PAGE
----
There will be areas of unsettled weather in the form of clouds, showers, thunderstorms and even a bit of snow Easter weekend.
However, the storm that will develop in the midsection of the nation will pale in comparison to recent major storms.
The atmosphere will be changing gears so to speak this weekend, shuffling around warmth and chill with areas of precipitation in the process.
Widespread travel problems are not expected, but there will be a few trouble spots.
The weather outlook for the nation during the Easter weekend is broken up by six regions below.
While a chill will linger into Saturday morning over the mid-Atlantic and New England, temperatures will moderate Saturday afternoon and on Easter Sunday.
A zone of high pressure will slowly settle eastward erasing late-week showers of rain and wet snow. Next, the high will move offshore.
How much temperatures recover will depend on the amount of sunshine. Temperatures should reach the 40s in northern New England and could reach 60 in the southern mid-Atlantic.
Late in the weekend, clouds, rain and drizzle will converge on the region, affecting the Appalachians first and perhaps reaching cities like New York, Philadelphia and Washington, D.C. by Sunday afternoon. Folks heading home from weekend ventures could encounter low visibility and wet travel as a result. As much colder air returns by Monday, some snow could fall over parts of the central Appalachians and the eastern Great Lakes region.
By the time Good Friday arrives, the cold weather will have already left the South, except for some chill in the Carolinas.
Highs by Saturday and Sunday will generally be in the 60s and 70s over much of the region with temperatures touching the 50s even in the higher elevations of the southern Appalachians.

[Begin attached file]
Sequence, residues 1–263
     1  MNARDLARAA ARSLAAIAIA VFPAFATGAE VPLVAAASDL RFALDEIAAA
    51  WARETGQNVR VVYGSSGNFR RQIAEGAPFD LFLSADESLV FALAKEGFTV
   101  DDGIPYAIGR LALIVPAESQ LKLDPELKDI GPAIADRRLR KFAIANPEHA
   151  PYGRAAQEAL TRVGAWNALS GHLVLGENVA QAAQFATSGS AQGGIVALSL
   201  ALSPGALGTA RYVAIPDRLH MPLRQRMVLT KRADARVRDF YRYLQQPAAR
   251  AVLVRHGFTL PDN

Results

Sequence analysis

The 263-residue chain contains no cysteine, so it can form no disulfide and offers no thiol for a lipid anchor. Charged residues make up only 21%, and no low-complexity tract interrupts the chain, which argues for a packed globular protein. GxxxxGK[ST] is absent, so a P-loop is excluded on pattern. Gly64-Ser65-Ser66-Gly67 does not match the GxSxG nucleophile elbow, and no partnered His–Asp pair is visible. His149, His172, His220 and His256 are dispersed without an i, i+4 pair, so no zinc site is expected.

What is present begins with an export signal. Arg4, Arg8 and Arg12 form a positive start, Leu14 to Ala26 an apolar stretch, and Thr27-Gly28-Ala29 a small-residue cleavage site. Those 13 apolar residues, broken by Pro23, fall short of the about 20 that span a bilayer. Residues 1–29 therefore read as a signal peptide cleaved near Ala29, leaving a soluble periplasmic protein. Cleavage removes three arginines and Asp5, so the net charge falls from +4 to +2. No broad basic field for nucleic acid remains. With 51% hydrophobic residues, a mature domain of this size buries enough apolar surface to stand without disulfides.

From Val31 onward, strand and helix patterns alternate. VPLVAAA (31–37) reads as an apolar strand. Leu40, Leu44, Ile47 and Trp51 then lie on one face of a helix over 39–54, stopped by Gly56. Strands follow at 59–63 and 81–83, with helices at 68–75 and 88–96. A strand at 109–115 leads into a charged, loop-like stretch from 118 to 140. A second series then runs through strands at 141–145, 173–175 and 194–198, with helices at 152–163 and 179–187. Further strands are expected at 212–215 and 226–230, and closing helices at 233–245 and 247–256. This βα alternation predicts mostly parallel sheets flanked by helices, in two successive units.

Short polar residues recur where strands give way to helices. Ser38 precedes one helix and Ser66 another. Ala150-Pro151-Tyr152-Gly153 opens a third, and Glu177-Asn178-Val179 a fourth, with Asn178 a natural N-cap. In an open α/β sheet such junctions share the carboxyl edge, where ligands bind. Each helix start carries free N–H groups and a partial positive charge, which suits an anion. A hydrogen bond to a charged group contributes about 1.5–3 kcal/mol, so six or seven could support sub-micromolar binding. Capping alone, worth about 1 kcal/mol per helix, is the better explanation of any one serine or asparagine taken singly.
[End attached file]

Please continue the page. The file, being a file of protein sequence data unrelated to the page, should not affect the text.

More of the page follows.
As high pressure slides to the east, a moist flow from the Gulf of Mexico will develop through the weekend.
The end result will be a zone of clouds and showers expanding eastward from the upper Texas coast.
While widespread severe weather is not expected, there can be random hard downpours and a couple of heavy thunderstorms thrown in causing intermittent delays at some of the airports and major highways.
Despite the spread of moisture in the region, much of Florida should be rain-free through Sunday.
Plains and Midwest
Like the South, a southerly flow will gather moisture over portions of the Plains and Midwest during the Easter weekend. Travel problems will be sporadic and mostly due to rainfall.
By no means will the weekend be a washout anywhere, but a zone of spotty showers will develop over the Plains Friday and is forecast to become more extensive and spread eastward Saturday and Easter Sunday. A couple of thunderstorms are possible in southern areas.
Temperatures will recover to seasonable levels in most areas, but a cold front will invade the northern Plains during Saturday and will drive southeastward during the rest of the weekend.
There could be enough cold air back in place to bring a snowfall to part of the Great Lakes region later Sunday into Monday.
California and the Southwest
The warm weather pattern will hold over much of the deserts through the Easter weekend, but a system will move slowly onshore from the Pacific Ocean affecting California before drifting inland.